Teatro aikštė (Theatre Square)
Teatro aikštė (Theatre Square) is the port city’s main cultural hub and the location of most of its public events. It is here that travellers, accompanied by an experienced guide, make a lengthier stop to learn about the Theatre’s history and how the Square acquired its current shape. Not long ago this place was a swampy quagmire, and only in the XIX century – after the better part of the castle’s defensive moats were filled in with soil – a coherent space was formed and was soon populated with its first public buildings.
Meno Kiemas (Artists’ Yard)
Meno Kiemas (Artists’ Yard) is a building complex consisting of Fachtwerkhäusen-style structures that have survived to the modern day. Here you can explore several now-defunct Fachtwerkhäusen-style warehouses, and see the various items created by West Lithuanian craftsmen working at the workshop located in the Yard. If you want, you can even try to craft something yourself!
Bollards of the River Danė embankment
If you’re up for a nice long walk, start at the North Horn (the old ferry terminal) – located at the promenade facing the River Danė – and walk all the way to the South Horn. Along the way, you’ll get an opportunity to examine 6 commemorative bollards and learn about the heroic feats of Lithuanian sailors from the past.
The Black Ghost sculpture
The Black Ghost is arguably the city’s most famous sculpture, located near the castle site. This mysterious character – a 2.4 metres-tall ghoulish figure slithering onto the embankment from the waters below – is always surrounded by a crowd of curious visitors. Scan the QR code to learn what this creature is all about.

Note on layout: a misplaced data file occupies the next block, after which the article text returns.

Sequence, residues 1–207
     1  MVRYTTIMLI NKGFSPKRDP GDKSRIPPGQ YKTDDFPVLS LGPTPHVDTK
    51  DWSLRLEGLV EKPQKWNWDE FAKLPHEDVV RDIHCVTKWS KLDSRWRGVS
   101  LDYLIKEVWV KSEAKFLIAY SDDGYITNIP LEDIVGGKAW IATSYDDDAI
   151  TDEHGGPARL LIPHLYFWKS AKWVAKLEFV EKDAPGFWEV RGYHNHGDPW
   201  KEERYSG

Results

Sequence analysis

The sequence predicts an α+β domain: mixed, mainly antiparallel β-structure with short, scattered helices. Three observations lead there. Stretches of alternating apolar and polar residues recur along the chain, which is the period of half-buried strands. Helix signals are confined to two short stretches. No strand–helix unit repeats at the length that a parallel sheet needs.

The history of Klaipėda starts with the construction of its castle in 1252. During the first several years, a wooden castle was built here, only to be replaced by a brick one a year later. Even today, the castle exists in a transitory state – there are plans to fully recreate the castle site, including the castle itself, or at least some of its key sections.
Cruise ship terminal
Even though normally, the cruise ship terminal comes alive with the arrival of cruise ships carrying hundreds, or even thousands, of visitors from around the world, during the past 10 years it has also become the annual Sea Festival’s main concert venue. The terminal also hosts the Klaipėda Castle Jazz Festival and other musical events.
Considering the fact that walks along the North Breakwater have become part of the city’s DNA, don’t miss out on taking this experiential stroll here. During the summer, people like to come here to cool down, and in the fall or spring – the time of implacable storms – to observe the elements lashing out at the man-made stone breakwater.
Smiltynė, located on the other side of the Curonian Lagoon, is among the greenest parts of Klaipėda. This area – a UNESCO World Heritage site – is perfect for travellers looking for some peace and quiet in nature.
History buffs and appreciators of different cultures won’t be disappointed either – the northern part of Smiltynė has a permanent exhibition of veteran ships, a XIX-XX century fisherman’s homestead open to visitors, and, last but not least, the Lithuanian Sea Museum.
The Meridianas sailboat
Meridianas is one of Klaipėda’s most important symbols. The sailboat – used for the training of future sailors and captains back in 1948 – is now permanently anchored on the River Danė and serves as one of the city’s premium restaurants.
The Magic Mouse sculpture
Have any burning desires or wishes? If so, then why not whisper them into the ear of Klaipėda’s Magic Mouse – a small bronze and stone sculpture located in the Old Town at the intersection of Kurpių Street and Kepėjų Street, and rumoured to grant wishes. All you have to do is recite the following incantation: “Transform your ideas into words – and words will become miracles”.